7. In the southeast US along the coast, there are many times per year when GPS isn't available, sometimes for days. Due to military operations around Savannah, or off the Space Coast of Florida, so you need VOR navigation, or the ADF. Not to mention solar flare activity that degrades it with no warning. I'm hanging onto some old school nav devices alongside my wiz-bang state of the art Garmin goodies because I've found I've needed it more than once a year.
  8. I found that the later radar capable Garmin MX20's have better cooling than their Apollo predecessors. So the screens don't overheat and go bad like the older & non-radar ones. Garmin had changed a few other components in the dimming circuit when they went to a rocker style switch, replacing the rotary dimmer knob. If anyone is having a problem with their older MX20, and doesn't want to break the bank replacing it, there is one on ebay. https://www.ebay.com/itm/133289101121?ssPageName=STRK:MESELX:IT&_trksid=p3984.m1555.l2649 I had done this swap about a year ago and it cost me a lot more than this one is going for so far.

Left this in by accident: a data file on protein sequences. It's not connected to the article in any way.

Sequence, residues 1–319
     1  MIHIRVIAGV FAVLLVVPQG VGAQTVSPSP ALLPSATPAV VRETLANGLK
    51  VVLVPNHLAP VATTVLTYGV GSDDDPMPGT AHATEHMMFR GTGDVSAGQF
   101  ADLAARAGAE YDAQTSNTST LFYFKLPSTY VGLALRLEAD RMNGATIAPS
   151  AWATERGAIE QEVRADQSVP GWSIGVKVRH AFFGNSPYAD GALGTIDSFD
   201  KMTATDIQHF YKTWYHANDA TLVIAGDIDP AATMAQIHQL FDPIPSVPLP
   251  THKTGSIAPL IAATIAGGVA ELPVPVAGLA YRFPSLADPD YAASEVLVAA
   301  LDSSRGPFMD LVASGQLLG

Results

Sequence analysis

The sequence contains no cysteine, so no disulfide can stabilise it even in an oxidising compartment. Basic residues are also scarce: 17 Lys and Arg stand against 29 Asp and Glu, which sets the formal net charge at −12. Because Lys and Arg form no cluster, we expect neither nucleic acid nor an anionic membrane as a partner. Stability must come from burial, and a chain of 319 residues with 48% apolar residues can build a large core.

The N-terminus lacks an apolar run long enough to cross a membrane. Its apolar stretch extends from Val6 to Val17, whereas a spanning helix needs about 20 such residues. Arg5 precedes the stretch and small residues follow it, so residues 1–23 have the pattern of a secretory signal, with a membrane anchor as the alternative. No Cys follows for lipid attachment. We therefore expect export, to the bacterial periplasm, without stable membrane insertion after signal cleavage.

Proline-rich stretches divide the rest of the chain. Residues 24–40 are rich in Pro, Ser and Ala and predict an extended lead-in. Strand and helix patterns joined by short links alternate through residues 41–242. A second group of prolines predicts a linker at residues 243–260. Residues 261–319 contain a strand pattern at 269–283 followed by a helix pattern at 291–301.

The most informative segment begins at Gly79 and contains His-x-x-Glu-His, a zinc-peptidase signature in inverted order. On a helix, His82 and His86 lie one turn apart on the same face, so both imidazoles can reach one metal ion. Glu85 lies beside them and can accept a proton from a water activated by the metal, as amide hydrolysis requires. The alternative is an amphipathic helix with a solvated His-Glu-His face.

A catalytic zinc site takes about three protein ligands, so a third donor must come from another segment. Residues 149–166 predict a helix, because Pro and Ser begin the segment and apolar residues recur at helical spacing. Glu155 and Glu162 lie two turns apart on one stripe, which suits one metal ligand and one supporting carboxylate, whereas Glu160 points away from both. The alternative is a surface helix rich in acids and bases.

9. The Gill 7243-14 is a good replacement for the G243. I use both Gill wet/sealed and Concorde sealed batteries in customer planes.I've put is maybe a dozen of the new style sealed Gill batteries so far, with no problems. They have the highest cranking power available so far. The Concorde RG24-15M sealed batteries have great starting power, but still generally die without warning between 24 and 48 months in the South Florida heat. With or without battery tenders. Heat kills batteries.
  10. Mooney optimized the CG to get the best speed. Most Bravos are flown with forward CG, which costs 5-7 knots. Put your seat further back in cruise, stow any baggage items as far back as possible, and consider using 50 pounds of ballast in the baggage to move the CG aft. This plane, like most, likes the CG about 75 percent aft in the envelope. Changing out starters and alternators to lighter weight parts can help move the CG back. TKS equipped planes have very little speed penalty. You have more drag if your rigging is off slightly. Fairings and inspection panels can be a big source of drag, along with poorly installed antennas. Advanced ignition timing will cause higher CHT. Make sure it is spot on. Some folks think advancing the timing helps with HP. It does to some extent, but running 25 BTDC instead of 20 BTDC will raise the CHT noticeably. So you get extra HP, but then you waste it by having to open the cowl flaps and adding drag. Loose parts in the flap control system will cause the rattling.